Record Rainfall Conditions Reported on Big Island for Month of June
The unusual June rainfall conditions for the Big Island resulted in the highest and lowest monthly rainfall records broken in the same month.
On the high side, the Kealakekua rain gage posted its highest June rainfall total of 10.11 inches in a data record going back to 1991, according to the National Weather Service monthly rain summary report. In contrast, Upolu Airport, on the north tip of the Big Island, reported its lowest June rainfall total of .37 inches.
The data record for the Upolu Airport site also goes back to 1991.
While drought conditions intensified across the Hawaiian Islands throughout the month of June, the main exceptions were along the slopes of the Kohala Mountains and in the Pōhakuloa region of the Big Island, according to the report. The Pi‘ihonua gage had the highest year-to-date total of 107.23 inches (120% of average).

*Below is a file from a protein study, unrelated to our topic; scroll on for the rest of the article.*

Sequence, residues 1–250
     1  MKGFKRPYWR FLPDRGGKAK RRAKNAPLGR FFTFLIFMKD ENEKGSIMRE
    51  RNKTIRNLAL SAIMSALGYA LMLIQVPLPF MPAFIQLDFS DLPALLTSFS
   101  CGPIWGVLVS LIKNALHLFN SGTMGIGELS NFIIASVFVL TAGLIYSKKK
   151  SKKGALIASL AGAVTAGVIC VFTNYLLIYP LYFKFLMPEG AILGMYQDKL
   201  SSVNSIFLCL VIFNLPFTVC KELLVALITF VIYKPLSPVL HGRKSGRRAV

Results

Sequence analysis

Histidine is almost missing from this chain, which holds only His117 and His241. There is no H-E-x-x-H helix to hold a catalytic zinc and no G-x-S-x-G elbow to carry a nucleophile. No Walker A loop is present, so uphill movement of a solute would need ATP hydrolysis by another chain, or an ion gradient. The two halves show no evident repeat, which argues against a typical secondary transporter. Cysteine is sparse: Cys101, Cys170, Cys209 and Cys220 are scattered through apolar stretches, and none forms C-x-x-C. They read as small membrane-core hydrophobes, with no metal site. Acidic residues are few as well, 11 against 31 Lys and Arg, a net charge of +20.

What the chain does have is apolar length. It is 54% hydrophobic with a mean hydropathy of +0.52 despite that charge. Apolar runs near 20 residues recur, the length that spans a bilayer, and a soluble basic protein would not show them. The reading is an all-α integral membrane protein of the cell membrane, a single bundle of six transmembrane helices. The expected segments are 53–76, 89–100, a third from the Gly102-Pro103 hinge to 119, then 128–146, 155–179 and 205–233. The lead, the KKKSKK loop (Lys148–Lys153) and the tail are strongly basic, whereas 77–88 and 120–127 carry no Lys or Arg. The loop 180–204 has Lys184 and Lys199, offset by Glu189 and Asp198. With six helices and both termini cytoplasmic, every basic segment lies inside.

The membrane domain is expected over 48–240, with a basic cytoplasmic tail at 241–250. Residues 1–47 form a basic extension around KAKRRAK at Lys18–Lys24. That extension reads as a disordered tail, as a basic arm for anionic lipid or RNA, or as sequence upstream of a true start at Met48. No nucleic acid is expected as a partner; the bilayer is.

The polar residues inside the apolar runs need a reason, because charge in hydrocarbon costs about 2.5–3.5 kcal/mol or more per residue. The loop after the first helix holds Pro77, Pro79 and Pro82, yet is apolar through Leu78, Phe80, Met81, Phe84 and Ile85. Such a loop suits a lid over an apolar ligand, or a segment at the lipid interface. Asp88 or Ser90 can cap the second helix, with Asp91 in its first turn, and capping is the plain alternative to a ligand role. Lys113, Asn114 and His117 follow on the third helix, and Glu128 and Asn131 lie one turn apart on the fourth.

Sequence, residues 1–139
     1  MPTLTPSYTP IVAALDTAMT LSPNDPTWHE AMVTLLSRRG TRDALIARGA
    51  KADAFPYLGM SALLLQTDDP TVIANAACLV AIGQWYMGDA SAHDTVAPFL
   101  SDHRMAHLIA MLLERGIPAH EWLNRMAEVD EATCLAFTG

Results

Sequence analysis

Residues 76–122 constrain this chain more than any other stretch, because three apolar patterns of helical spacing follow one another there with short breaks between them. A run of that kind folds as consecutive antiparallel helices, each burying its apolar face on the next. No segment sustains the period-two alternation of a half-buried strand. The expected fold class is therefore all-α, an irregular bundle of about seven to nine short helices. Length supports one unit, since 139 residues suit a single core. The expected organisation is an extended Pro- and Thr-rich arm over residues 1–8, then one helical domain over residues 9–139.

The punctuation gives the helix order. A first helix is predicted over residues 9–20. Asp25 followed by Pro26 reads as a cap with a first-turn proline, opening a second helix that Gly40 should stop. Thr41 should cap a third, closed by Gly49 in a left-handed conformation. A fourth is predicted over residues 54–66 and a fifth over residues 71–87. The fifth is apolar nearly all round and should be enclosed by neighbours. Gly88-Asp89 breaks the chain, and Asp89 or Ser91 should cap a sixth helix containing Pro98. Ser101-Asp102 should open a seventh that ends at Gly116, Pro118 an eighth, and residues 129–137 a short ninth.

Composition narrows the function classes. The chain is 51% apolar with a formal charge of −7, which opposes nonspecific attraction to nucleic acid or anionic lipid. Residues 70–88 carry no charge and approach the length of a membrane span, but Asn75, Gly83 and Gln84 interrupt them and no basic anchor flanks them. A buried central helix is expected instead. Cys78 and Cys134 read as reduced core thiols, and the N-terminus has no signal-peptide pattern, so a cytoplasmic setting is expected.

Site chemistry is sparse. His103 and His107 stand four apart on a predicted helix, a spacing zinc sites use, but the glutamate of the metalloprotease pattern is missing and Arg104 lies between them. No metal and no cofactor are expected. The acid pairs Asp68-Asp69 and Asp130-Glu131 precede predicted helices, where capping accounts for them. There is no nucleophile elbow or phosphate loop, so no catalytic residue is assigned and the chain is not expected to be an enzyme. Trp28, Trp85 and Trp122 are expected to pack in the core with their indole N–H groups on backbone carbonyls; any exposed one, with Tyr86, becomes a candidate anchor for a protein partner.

Overall, rainfall totals for 2021 through the end of June were near to above average at most of the Big Island gages. Although the trade winds persisted throughout the month of June, the rain summary indicated, most of the highest rainfall totals came from the leeward side of the island instead of the windward side resulting in rainfall totals along the Kona slopes region higher than average for the second consecutive month.
Many of the totals from the windward districts of South Hilo and Puna were in the range of 2 to 6 inches. Several totals from the Kona slopes region were from 6 inches to more than 10 inches. Among the automated rain gages, the USGS’ rain gage at Kawainui Stream had the highest monthly total of 11.02 inches (112% of average).
However, a manually read CoCoRaHS volunteer network gage at Holualoa in the North Kona District had a higher June total of 11.22 inches, including the highest daily total of 3.73 inches logged on the morning of June 20. Most of this rainfall likely occurred on the afternoon and evening of June 19.
The late afternoon and early evening of June 19 produced heavy showers along the Kona slopes. On June 26, there were heavy showers on the leeward Kohala slopes.
According to the report, both events produced minor flooding, with the June 19 event resulting in the brief partial closure Queen Ka‘ahumanu Highway due to debris on the road.